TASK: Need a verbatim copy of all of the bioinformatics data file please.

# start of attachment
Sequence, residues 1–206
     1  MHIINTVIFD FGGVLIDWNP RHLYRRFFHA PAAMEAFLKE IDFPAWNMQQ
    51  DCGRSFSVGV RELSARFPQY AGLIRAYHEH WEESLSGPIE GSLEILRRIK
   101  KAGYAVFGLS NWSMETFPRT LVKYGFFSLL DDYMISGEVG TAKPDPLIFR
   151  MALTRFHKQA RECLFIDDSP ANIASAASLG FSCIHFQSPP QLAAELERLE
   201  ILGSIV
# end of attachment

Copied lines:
Sequence, residues 1–206
     1  MHIINTVIFD FGGVLIDWNP RHLYRRFFHA PAAMEAFLKE IDFPAWNMQQ
    51  DCGRSFSVGV RELSARFPQY AGLIRAYHEH WEESLSGPIE GSLEILRRIK
   101  KAGYAVFGLS NWSMETFPRT LVKYGFFSLL DDYMISGEVG TAKPDPLIFR
   151  MALTRFHKQA RECLFIDDSP ANIASAASLG FSCIHFQSPP QLAAELERLE
   201  ILGSIV